Good Luck

September 19th, 2019

larry phillips mugshotGUEST COLUMN, Larry Phillips, Kismet


A natural evolution of aging is realizing just how important some things are in one’s life. I always believed in “The Three Fs” have the greatest priority in life: Faith, Family and Friends – and in that order. Even more so as I’ve aged.

Well, I realized this past Labor Day weekend that fishing, a fourth F, still remains alive and well in my “important” categories. And I will relive that epiphany later.

Fishing has been in my blood since a very young age. My family has a wrinkled, old photograph of me standing with my older uncle and his dad, my grandfather, while he is holding a large, maybe 5-pound bass.

I was 4 and clothed only in dusty, smudged underwear, nothing more, not even shoes. But, I still remember going to a lake several times in those early years with my grandfather and uncles to fish.

As I grew older, fishing was a favorite activity, and though often distracted during two years in college, I was always found of wetting a line. 

Starting in the oil and gas industry at the age of 15 gave me ample opportunities to travel and thus discover “fishing holes” not normally known by mere mortal fishermen: Cattle tanks, or more commonly known as farm ponds.

One version of fishing I learned in high school, mainly at oxbow ponds along the Cimarron River, was tossing lures for bass. Our favorite was a “Lazy Ike” in the mid-1960s. They could garner a strike wherever bass lurked.

While working on oil and gas wells across Southwest Kansas, Oklahoma, Texas and Louisiana, I got to know many a landowner who would allow me to toss a lure while on their property. I always promised not to take the fish, and would release them after landing.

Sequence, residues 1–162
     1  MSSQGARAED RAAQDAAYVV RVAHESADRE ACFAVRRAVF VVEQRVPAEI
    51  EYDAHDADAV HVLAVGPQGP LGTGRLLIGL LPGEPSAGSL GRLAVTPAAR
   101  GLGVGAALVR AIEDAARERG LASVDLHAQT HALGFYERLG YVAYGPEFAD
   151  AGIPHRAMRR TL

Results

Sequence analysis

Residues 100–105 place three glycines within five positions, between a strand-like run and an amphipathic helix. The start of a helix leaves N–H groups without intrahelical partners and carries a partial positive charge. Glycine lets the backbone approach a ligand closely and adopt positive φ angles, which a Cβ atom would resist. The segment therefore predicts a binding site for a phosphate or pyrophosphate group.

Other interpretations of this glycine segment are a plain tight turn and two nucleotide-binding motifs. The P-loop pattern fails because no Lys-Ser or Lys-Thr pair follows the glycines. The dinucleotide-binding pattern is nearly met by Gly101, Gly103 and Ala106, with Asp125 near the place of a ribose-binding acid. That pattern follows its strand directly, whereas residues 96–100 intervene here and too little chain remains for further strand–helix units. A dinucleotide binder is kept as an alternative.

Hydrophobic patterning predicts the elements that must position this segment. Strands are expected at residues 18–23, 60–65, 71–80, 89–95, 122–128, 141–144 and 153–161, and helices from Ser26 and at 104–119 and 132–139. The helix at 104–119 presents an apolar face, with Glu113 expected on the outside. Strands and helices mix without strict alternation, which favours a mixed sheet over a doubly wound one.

Friends, there is nothing as exciting as to cast a top water lure into a “virgin pond” (unknown to you) and have a big bass explode the surface and try to rip that rod right out of your hands.

This “hit” alone can cause heart palpitations after you have been slowly retrieving that lure with only the sound of birds in the still air.

I call it a “get-out-the-paddles” moment. Simply thrilling and heart stopping. And those who know me today can tell you I’m a “popper” man. I love to throw a Rebel Pop-R or something similar. Truthfully, when one learns the nuances of retrieving poppers, they are hard to beat for stirring up bass.

As an adult, I have had more than a few boats – bass boats, mainly, and I have enjoyed them immensely, if not often enough.

When I received a catalog a couple of years ago that showed a Bass Tracker 40th Anniversary special edition bass boat, I melted with wonderful memories of buying that same boat from Bass Pro Shops in early 1979 (though the boat was a 1978 model). 

I lived in Louisiana back then and drove to Springfield, Mo., to pick it up. It was the only Bass Pro Shop in the world at that time.

Two years ago I contacted Bass Pro in Colorado Springs, and they could order one for me with a 2- to 3-month delivery. Other shops couldn’t beat that time schedule. I ended up getting mine earlier and drove to Colorado to get it.